There are at least seven registers through which the arguments of this volume can be read.
First, there is the philosophical thread. Here, the discussion moves seamlessly from epistemology to ontology to performative theory, inspired by Nigerian Pentecostal ways of knowing, to probe ever more deeply into how Nigerian Pentecostal reality is constituted, and returning therein via the hermeneutical spiral to reconfigure how such probing can further inform epistemic analyses. All the while, the modality of engagement does not remain merely abstract but connects to and is concerned about Pentecostal performance, ways of life, and modes of behavior. Here again, performative analyses are interwoven with epistemological perspectives and ontological constructions, each moment derivative of but ever always also informing the other two.
Second, one can read this book as a contribution to political theory and political economy. From this angle, readers pivot from contemporary theories of human embodiment toward social theory on the one side and ecclesial theory (ecclesiology) on the other. This means that social theorists will be confronted with the nature of Nigerian Pentecostal ecclesiality on the one hand and ecclesiologists will be challenged to engage with social and economic dynamics on the other, while both will be challenged and informed by recent developments that root social subjectivation in interpersonal and embodied interrelationality. The intersubjectivity of embodied creatures, meanwhile, has the potential to unleash spiritual powers, both ecclesially and socially, politically, and economically, sometimes separately but more often together. Herein lies the kind of political theory that is relevant to our present postmodern context, one that can navigate the interfaces of the sacred and the secular, helpfully distinguishing them where appropriate but more often seeing their interconnection, a capacity much more needed in our postsecular time.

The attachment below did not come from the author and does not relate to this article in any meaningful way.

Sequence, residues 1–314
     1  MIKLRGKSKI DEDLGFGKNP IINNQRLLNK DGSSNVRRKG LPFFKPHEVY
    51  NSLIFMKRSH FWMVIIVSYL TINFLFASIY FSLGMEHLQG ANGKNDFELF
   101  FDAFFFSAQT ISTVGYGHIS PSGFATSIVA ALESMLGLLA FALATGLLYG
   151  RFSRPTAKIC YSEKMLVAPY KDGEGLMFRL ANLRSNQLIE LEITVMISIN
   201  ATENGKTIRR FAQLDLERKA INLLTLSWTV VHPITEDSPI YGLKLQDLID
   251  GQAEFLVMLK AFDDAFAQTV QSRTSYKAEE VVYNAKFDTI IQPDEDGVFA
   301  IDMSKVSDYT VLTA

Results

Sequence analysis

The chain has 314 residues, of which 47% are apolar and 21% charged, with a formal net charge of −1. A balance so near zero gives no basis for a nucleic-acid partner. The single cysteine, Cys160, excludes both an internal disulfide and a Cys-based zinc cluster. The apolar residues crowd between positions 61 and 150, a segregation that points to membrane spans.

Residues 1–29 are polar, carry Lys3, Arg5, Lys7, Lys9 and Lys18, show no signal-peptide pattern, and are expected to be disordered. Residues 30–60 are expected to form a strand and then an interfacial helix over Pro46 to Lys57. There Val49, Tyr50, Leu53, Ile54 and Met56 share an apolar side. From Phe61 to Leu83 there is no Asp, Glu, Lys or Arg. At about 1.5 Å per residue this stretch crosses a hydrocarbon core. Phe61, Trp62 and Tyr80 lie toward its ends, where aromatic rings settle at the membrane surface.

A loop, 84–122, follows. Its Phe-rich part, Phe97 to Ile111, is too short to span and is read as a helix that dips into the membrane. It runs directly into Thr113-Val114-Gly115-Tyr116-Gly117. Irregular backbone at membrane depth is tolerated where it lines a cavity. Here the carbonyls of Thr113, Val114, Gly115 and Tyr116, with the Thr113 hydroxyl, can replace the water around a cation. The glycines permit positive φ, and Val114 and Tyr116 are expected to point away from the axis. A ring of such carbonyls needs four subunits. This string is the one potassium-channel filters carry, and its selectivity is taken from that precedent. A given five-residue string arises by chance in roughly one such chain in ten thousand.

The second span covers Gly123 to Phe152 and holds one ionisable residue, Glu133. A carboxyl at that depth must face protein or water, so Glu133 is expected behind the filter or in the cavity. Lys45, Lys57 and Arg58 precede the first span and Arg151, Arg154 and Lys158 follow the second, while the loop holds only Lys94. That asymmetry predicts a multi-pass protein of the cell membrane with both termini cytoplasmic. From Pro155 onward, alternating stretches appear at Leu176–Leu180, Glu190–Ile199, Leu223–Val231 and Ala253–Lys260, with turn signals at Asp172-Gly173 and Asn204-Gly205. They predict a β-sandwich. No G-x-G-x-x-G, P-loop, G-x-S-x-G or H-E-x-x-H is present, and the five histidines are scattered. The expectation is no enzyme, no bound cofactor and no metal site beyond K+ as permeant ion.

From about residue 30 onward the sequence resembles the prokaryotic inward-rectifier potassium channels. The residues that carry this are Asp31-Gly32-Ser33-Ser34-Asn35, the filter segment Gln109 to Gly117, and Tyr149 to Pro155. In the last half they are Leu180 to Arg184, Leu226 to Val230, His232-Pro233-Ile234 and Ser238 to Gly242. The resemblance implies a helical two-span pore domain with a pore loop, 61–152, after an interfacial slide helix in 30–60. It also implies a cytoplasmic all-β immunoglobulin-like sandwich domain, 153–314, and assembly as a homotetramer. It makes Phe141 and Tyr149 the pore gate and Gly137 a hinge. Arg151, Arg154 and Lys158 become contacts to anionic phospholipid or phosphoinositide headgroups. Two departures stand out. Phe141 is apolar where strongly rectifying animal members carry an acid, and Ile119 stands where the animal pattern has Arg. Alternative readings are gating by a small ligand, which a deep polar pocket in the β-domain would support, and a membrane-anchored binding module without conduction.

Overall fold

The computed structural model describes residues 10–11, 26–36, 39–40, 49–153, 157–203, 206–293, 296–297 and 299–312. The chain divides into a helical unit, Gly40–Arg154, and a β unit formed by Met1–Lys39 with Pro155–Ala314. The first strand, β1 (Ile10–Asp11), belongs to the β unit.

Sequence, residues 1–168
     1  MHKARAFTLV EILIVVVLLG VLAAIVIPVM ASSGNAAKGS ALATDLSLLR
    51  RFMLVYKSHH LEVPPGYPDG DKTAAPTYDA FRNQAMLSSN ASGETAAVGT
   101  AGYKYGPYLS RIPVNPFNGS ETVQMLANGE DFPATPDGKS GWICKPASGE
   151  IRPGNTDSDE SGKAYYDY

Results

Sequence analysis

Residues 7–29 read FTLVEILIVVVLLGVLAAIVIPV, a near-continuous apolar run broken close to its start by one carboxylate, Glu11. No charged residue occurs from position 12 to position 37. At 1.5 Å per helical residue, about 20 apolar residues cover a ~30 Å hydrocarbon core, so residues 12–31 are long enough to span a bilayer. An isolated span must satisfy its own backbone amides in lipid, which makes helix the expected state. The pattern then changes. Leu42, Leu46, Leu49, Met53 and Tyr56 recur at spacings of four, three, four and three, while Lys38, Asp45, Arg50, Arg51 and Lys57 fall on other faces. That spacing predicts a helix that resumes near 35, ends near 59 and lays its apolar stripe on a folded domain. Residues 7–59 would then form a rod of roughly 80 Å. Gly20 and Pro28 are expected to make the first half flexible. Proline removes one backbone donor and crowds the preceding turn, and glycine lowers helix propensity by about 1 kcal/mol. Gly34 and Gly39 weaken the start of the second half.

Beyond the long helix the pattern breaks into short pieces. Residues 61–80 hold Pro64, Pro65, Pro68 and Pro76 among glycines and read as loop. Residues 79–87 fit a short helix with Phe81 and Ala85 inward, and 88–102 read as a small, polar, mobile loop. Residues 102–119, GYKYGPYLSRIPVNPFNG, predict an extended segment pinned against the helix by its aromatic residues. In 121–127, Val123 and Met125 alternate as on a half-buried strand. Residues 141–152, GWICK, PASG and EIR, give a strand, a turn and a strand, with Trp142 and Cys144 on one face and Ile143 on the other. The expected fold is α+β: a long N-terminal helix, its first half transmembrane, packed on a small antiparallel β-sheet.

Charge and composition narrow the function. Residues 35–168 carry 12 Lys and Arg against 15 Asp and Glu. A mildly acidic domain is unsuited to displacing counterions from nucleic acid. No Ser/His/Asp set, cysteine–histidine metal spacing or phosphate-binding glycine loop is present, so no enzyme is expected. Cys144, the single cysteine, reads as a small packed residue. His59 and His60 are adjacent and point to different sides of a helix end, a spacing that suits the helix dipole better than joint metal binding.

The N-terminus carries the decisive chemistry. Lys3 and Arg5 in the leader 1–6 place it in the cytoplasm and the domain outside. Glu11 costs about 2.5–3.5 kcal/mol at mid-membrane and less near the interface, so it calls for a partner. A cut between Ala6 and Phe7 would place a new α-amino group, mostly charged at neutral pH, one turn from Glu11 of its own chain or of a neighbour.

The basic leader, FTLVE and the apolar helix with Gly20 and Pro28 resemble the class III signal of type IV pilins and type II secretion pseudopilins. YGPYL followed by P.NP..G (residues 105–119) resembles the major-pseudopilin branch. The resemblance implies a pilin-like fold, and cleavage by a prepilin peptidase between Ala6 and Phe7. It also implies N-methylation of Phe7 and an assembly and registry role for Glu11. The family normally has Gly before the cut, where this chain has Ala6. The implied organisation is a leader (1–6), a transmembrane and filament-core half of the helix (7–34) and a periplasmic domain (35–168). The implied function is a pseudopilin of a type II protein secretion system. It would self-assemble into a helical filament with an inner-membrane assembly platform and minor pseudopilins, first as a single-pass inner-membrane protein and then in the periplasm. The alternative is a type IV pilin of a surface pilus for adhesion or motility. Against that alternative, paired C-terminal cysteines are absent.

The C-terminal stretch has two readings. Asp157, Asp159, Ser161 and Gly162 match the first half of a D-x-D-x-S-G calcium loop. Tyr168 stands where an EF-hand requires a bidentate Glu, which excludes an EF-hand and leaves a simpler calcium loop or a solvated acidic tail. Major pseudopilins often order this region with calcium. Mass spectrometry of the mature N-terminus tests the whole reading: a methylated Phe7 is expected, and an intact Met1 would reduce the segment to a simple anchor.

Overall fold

Third, gains made in the political-theoretical domain open up to other dimensions of contemporary relevance, including but not limited to cultural theory, race analyses, and postcolonial studies. Nigerian Pentecostalism as a case study illuminates the processes of cultural formation (also of deformation and transformation), invites consideration at the intersection of race and religion (of the burden of, and also the opportunities for, blackness in a post-European world), and exposes the contradictions of Protestant religion in the postcolony (as biblically informed, missionary-influenced, and yet indigenously inspired religiosity), all the while charting trajectories of research in these arenas.
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